Marginalised ethnic groups also have a sense that successive elections have been stolen leading to a sense of disenfranchisement and sentiments that they should disengage from political participation. Resource allocation has mirrored allocation of political power so that Counties that do not have senior politicians representing their interests lack developmental initiatives such as infrastructure, social amenities and employment opportunities.

Positively, the Electoral Monitoring and Reform project, supported by the Danish Embassy through the Drivers of Accountability Programme (DAP), resulted in a paradigm shift from monitoring elections only on the Election Day to monitoring based on the electoral cycle; from pre –election, Election Day and Post- Election. A human rights based approach is used in this process. Arguably, one of the most important aspects of this project was working with existing human rights networks on the ground and individuals such as Chacha meaning that the project made a significant and sustainable contribution to strengthening human rights awareness among the communities.

Nationally, KHRC analyzed the reports it received from community-based monitors across the country and presented findings and recommendations in a report titled 'Democratic Paradox: A Report of Kenya's 2013 General Elections.' The IEBC have lived up to their commitment to act on these recommendations by implementing some of the suggestions made by the KHRC. Effective registration of voters in the diaspora was one of the recommendations made by KHRC. Notably, the IEBC in February, 2015 launched an online mapping tool that will see them effectively register voters in the diaspora. Additionally, in March 2015 the IEBC launched a school project on voter education that seeks to nurture democracy in young Kenyans. Development of strategies for school-based voter Education targeting primary and secondary schools as a way of inculcating democratic values in both pupils and students was another recommendation made by KHRC.

The structures in place to enable civil society, the IEBC, political parties, the office of the registrar of political parties and other electoral stakeholders to collaborate in monitoring elections have been reinforced through the creation of the election Technical Working Group (TWG) which is co-chaired by KHRC and the Institute for Education in Democracy (IED). Additionally, KHRC and IED created a WhatsApp group which enables CSOs, election monitors, IEBC commissioners and senior management to engage on key emerging electoral issues in real time. This should make the challenge of a lack of civilian oversite of elections a thing of the past.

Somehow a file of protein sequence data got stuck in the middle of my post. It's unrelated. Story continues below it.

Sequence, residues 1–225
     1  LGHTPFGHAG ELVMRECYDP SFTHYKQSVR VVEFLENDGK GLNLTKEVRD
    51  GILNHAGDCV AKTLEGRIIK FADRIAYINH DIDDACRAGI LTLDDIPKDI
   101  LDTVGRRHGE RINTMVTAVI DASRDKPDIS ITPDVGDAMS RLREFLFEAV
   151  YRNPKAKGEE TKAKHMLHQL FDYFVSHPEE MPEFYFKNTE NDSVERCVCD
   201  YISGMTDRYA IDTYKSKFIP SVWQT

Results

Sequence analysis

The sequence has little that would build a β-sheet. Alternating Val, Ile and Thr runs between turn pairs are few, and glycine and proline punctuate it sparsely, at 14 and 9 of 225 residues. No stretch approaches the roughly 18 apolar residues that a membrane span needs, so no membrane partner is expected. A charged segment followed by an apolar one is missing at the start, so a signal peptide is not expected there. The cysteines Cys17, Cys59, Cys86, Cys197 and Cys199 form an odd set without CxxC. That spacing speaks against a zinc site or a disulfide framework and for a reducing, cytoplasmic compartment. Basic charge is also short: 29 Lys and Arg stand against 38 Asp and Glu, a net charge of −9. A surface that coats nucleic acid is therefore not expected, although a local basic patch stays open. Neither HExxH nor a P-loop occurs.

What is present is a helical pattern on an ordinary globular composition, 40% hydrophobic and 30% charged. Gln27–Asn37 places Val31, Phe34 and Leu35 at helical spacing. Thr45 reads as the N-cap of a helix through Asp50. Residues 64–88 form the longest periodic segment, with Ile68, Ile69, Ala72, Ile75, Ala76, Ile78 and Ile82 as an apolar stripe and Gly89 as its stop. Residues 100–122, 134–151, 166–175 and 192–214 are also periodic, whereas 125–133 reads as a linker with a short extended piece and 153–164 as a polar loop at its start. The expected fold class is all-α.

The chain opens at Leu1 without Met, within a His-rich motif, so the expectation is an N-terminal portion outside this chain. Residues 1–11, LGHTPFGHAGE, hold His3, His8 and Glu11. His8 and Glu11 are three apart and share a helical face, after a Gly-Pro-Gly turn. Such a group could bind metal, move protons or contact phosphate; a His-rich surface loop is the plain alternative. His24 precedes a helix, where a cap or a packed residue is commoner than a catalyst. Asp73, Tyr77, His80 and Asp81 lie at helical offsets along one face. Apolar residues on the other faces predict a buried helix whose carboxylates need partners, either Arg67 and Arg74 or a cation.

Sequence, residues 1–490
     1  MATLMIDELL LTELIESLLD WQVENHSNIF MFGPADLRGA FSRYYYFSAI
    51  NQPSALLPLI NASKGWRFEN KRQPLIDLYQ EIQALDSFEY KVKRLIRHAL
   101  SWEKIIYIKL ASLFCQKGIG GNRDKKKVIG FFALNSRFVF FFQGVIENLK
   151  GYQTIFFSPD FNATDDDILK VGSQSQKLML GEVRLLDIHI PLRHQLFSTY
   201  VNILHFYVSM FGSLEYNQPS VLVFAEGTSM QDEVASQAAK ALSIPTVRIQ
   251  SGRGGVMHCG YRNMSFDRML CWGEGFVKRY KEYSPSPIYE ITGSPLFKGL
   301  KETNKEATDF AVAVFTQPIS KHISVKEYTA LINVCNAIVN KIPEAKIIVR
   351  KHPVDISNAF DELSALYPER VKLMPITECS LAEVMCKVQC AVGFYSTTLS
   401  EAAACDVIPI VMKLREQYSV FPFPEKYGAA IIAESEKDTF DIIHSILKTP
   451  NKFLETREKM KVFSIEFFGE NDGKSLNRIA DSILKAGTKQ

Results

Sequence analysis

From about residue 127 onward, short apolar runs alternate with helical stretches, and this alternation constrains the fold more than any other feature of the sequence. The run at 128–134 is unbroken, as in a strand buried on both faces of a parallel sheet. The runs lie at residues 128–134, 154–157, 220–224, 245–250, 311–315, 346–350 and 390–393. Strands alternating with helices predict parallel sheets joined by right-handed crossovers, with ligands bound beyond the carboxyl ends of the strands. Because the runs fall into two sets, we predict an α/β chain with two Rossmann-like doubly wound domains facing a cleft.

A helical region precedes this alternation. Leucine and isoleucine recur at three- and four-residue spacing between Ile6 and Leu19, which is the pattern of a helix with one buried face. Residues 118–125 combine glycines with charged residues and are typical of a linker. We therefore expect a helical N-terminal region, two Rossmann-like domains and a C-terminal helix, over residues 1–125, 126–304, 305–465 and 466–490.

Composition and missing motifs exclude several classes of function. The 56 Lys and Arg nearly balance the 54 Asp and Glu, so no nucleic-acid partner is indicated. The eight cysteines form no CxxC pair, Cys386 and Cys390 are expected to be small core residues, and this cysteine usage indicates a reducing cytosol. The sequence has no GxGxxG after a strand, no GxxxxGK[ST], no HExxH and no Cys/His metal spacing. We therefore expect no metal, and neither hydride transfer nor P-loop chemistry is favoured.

However, electoral related violence is an issue across several African countries with many states suffering the ethnic polarization that Colonialism seeded through its divide and rule policies. Subsequent political despots have enhanced this through the manipulation of ethnic identity for political gain. The ‘Big Man’ approach to politics remains, where a leader, promises ‘development’ and ‘jobs’ to his ethnic homeland if voted into power, instilling a commitment to ethnic voting even though the majority of poor people from all ethnicities do not benefit whoever the leader.

There are numerous African leaders who have sought to undermine democracy in a desperate bid to cling to power, for example, Burundi in 2015. Thus, regionally, KHRC’s electoral governance assessment framework has been utilized in South Africa, Botswana, Malawi and Zambia. KHRC has raised the potential for an African framework on election monitoring at the African Commission on Human and People’s Rights (ACHPR) where there has been significant interest in developing such a framework.

In recognition of its established track-record on electoral governance matters, KHRC in 2014 was admitted as a member to the Global Network of Domestic Election Monitoring (GNDEM). This membership will enhance its regional and international advocacy on electoral governance. This is because it avails a global platform to engage with likeminded organizations on topical electoral governance issues. It will also share reports and other resources. Through this, people outside of Africa can benefit from the use of this practical election process monitoring tool.

Elections in Africa can be reformed to become inclusive, credible and peaceful processes that can lead to better governance across the continent. It is through people like Chacha, that this ambitious dream shall be realized